– Eileen Searls, Professor Emerita

 

Jack is survived by his five children, Clare Dunsford, Mark Dunsford, Cathy Dunsford Birdnow, Dr. Maggi Dunsford Coplin, Ann Dunsford-Conway; sons-in-law Timothy Birdnow, William Coplin, and Dr. Charles Conway; and six grandchildren. His beloved wife of 60 years, Margaret (Mari) Dunsford, died in 2012.

Visitation will be held from 4-8 p.m. Monday, April 21, at Hoffmeister Colonial Mortuary, 6464 Chippewa in St. Louis. Funeral Mass will be held at 10 a.m. Tuesday, April 22, at St. Gabriel the Archangel. Interment in Resurrection Cemetery.

Donations may be made in Jack’s name to the National Fragile X Foundation (www.fragilex.org), FRAXA (www.fraxa.org) or to Birthright Counseling of St. Louis.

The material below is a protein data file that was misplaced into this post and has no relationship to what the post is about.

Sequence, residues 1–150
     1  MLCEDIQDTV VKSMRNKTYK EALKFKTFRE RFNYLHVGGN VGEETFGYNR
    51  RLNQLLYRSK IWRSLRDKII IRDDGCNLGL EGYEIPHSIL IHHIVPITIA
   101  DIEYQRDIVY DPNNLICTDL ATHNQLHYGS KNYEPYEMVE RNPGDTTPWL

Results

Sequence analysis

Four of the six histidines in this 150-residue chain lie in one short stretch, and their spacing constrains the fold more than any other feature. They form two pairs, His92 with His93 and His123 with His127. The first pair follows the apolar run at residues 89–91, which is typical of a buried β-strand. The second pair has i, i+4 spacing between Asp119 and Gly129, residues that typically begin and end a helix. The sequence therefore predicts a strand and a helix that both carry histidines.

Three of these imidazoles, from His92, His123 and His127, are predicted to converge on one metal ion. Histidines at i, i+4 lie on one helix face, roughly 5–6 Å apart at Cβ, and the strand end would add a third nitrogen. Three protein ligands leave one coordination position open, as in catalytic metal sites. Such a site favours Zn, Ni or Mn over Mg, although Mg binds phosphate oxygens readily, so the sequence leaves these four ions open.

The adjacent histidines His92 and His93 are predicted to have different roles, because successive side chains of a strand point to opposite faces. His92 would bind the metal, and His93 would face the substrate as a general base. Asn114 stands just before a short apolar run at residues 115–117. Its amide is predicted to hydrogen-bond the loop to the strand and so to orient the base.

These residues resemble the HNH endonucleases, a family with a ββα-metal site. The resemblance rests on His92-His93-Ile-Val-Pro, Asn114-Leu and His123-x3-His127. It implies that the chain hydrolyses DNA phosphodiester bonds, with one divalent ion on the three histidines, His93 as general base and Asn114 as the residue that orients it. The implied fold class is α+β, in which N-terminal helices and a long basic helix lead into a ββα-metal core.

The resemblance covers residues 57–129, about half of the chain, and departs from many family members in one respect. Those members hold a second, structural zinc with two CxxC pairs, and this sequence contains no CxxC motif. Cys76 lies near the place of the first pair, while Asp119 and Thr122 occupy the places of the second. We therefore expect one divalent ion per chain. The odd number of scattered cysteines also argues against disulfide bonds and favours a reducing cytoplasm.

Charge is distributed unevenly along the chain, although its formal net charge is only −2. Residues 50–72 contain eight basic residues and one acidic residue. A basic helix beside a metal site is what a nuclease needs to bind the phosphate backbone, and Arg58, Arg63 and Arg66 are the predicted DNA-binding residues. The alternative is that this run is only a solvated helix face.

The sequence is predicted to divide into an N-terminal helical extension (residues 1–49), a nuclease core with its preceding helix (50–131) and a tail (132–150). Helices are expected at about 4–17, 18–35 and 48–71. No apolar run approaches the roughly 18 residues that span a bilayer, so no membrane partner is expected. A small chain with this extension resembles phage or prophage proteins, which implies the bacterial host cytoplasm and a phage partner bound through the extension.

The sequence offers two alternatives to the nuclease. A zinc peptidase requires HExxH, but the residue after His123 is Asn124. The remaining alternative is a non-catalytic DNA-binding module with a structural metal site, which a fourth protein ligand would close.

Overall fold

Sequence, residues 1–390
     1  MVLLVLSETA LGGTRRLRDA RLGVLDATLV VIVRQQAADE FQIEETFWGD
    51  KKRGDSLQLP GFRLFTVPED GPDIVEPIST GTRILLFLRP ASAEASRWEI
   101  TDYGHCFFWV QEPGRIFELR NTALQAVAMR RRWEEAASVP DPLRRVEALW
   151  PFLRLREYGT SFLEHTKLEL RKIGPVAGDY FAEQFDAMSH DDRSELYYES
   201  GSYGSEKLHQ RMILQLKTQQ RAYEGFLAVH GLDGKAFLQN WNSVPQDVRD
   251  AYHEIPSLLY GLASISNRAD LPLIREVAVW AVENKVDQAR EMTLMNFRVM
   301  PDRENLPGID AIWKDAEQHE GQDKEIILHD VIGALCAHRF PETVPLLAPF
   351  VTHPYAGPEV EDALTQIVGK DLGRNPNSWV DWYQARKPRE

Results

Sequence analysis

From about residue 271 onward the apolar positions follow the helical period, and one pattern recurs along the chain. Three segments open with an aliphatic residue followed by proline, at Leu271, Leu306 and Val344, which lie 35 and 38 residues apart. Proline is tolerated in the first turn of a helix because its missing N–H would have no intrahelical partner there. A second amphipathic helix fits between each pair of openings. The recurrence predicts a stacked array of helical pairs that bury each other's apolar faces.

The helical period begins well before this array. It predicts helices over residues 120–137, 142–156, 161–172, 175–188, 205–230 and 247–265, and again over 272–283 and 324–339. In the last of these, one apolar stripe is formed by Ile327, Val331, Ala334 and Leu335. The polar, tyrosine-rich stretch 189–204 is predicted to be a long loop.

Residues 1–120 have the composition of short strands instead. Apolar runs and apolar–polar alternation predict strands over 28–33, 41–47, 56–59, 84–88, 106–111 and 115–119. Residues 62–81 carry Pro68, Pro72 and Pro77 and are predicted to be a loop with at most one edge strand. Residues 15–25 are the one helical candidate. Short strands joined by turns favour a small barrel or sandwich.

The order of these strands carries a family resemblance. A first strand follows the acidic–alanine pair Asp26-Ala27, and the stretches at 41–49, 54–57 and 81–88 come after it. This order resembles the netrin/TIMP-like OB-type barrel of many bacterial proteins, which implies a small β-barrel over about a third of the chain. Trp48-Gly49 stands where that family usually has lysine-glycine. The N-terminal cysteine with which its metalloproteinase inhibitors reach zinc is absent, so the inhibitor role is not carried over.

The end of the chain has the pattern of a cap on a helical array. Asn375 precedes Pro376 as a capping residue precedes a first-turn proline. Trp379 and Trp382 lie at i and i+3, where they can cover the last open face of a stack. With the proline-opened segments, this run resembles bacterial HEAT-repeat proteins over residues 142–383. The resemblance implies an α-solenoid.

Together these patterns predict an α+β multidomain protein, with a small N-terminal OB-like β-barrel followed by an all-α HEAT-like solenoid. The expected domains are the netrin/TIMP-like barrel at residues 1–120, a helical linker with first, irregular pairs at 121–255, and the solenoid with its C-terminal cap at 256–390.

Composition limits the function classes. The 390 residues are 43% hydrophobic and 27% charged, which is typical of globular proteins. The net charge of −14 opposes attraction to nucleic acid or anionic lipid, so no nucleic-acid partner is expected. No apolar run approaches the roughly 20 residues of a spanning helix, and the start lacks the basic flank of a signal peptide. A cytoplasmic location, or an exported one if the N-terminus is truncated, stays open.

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Some words from Jack's friend and colleague, Professor Emeritus Joseph J. Simeone:

John E. Dunsford – The Ideal Christian

Like the Gettysburg Address, I have only a few words to say. With your permission and an author’s license, I have changed the standard for a eulogy and omitted all the accomplishments of Jack Dunsford; from Professor of Law to President of the American Arbitration Society. Rather, I have decided to concentrate on his qualities of a Christian and Catholic gentleman and what those incidents have had on my life and the lives of some others.

Life as we know it on this third planet from the sun is very strange. As we go through life we often forget about those memorable words said on Ash Wednesday – Momento homo qui in pulvus est et in pulvis revert endi – We are mere dust and unto dust, we shall return.

Jack Dunsford and I were close friends. He was an accomplished author, an excellent, successful arbitrator and a unique auctioneer. Those of you students who had him as a professor know how smart he was and were indeed fortunate.